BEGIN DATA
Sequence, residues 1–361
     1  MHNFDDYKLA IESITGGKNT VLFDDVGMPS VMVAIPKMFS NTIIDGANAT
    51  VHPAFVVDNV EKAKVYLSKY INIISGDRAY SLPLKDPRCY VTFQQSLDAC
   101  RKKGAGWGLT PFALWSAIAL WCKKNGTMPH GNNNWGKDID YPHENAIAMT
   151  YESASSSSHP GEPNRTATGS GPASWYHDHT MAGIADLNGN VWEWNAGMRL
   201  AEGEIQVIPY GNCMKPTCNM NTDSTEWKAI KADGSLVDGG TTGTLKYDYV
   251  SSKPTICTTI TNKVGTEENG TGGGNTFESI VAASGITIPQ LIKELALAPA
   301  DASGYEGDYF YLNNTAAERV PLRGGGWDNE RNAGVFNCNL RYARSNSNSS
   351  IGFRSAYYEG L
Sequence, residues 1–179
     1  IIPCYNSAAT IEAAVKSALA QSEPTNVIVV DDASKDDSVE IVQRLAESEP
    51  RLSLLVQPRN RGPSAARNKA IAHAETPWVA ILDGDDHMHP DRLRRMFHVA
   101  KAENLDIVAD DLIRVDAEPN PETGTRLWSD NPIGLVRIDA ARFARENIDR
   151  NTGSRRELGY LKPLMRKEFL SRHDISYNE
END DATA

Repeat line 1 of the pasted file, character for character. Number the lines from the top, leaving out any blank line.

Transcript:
Sequence, residues 1–361